Ideal Scope of a Rainforest Test

Learn how to create an effective Rainforest regression test case.

Writing a good functional test case means ensuring the scope aligns with the feedback you care about. In other words, you should avoid cramming too much into a single test.

Ideally, a test case should represent a straightforward user activity. In the e-commerce world, you might leave a review for a past purchase or create a new account.

While testing both activities in a single test case might be tempting, each set of actions represents a different activity—and a separate test case.

Over time, creating tests that are broad in scope makes it difficult to measure results. Better to keep tests short, modular, and confined to a specific function or user flow.

Poor Example 1

Sign up as a new user using an invalid email address and confirm that the system raises an error. Then, sign up with a valid email address and password. Now, search for an Airbnb stay in Paris, France, and verify the results.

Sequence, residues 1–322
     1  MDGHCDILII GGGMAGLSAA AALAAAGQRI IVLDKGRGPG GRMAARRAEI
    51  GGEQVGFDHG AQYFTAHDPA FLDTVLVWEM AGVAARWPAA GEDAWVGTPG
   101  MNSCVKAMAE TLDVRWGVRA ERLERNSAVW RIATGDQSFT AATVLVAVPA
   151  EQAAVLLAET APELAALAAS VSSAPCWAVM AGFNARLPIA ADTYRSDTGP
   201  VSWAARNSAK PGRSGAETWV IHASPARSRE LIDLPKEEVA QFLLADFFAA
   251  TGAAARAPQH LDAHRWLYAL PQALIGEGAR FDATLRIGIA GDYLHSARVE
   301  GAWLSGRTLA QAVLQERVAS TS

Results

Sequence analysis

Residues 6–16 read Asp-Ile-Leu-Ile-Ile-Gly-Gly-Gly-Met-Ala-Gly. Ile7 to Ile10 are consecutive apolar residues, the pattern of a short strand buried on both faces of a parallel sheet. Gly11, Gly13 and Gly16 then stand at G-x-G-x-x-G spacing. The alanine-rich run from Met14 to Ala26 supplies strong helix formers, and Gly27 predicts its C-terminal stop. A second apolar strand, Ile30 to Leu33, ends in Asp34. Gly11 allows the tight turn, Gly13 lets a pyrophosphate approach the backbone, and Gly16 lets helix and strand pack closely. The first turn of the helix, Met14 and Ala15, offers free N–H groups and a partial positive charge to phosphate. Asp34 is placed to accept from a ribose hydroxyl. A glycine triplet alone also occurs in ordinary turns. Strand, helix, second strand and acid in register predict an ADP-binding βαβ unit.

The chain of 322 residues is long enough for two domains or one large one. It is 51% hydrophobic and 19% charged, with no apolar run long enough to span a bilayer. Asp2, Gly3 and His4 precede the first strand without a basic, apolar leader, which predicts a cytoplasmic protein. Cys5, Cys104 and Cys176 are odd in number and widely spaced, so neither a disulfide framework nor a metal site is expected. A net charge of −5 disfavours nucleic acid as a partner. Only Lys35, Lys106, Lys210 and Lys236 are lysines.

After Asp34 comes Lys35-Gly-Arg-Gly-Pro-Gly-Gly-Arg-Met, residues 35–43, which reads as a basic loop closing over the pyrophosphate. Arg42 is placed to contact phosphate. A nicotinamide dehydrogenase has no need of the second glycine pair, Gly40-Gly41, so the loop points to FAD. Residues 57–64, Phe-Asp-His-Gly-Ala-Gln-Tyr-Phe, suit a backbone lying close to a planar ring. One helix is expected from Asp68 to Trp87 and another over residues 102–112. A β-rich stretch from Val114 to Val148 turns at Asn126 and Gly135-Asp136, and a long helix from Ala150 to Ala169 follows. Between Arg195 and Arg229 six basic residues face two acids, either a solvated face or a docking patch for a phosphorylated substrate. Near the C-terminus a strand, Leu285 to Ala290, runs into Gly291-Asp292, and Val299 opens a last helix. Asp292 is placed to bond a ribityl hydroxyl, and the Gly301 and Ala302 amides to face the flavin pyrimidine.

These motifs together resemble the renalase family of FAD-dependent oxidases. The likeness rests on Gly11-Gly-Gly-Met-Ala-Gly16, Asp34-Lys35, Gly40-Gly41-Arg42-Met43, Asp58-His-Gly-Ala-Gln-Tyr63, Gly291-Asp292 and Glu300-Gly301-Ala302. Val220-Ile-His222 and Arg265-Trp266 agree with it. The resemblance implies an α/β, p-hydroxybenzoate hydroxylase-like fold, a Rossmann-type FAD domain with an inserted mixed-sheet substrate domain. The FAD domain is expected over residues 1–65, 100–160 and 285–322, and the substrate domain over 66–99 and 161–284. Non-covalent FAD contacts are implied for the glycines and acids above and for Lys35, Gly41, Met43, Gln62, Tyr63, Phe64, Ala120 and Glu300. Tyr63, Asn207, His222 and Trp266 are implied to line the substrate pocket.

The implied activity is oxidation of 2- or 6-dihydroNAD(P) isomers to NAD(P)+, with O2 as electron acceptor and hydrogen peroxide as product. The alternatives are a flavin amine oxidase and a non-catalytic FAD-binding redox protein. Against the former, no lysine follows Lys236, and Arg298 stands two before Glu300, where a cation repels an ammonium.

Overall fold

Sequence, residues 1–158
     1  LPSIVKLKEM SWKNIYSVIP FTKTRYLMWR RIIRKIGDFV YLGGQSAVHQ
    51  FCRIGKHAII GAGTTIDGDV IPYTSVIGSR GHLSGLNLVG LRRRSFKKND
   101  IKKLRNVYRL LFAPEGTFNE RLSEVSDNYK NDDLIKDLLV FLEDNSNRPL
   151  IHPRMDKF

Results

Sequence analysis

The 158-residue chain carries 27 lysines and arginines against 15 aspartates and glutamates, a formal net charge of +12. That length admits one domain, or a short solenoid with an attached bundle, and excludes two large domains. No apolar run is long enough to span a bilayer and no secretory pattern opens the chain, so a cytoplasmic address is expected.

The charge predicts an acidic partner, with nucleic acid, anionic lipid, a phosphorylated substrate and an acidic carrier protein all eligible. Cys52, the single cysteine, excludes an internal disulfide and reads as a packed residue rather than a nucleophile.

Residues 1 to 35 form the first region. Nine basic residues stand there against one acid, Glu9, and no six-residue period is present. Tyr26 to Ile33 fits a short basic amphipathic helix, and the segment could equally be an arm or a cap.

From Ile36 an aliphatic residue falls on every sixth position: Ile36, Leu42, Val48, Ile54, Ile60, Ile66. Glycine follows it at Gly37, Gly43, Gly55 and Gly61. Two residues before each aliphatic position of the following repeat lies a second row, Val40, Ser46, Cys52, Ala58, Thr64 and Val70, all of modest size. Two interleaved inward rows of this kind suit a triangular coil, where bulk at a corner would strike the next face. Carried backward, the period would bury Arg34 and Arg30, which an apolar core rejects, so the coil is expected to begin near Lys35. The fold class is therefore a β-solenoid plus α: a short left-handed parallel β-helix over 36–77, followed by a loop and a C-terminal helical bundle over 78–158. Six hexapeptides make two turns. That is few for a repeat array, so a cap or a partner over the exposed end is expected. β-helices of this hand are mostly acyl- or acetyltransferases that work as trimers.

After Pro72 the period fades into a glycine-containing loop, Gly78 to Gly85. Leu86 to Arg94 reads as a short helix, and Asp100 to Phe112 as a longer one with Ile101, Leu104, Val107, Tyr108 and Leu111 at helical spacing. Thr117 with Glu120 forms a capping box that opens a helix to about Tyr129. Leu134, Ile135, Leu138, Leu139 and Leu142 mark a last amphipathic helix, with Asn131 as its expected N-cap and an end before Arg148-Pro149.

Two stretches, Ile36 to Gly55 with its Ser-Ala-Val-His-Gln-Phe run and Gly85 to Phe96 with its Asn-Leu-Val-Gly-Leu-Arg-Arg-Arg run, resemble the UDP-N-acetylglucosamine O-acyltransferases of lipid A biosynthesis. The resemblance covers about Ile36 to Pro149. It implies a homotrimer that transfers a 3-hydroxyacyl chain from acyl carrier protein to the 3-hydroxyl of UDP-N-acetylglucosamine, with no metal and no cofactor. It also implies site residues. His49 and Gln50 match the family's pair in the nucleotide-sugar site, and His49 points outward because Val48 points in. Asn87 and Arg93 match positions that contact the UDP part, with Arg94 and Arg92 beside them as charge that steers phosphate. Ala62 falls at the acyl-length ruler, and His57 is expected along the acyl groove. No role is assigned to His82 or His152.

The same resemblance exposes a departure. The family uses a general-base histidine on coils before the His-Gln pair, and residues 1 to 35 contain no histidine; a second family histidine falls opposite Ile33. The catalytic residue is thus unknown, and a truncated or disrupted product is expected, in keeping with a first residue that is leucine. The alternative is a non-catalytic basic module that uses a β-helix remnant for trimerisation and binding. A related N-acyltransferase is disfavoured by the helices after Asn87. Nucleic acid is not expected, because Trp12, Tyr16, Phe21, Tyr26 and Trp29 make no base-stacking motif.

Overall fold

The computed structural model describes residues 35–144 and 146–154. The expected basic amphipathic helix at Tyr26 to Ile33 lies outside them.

Lumping together unrelated user actions results in a test that is unfocused.

Poor Example 2

Click the sign-up button and confirm that a sign-up modal appears.

Here, the scope is too narrow; no useful activity can be completed.

Good Example

Log in to Airbnb using an email and an invalid password. Confirm that the system raises an error.

This is a suitable test case with a well-defined outcome.

To keep tests modular and simplify test suite maintenance, we recommend Embedded Tests. You can use these pre-written modules as building blocks when creating test cases.

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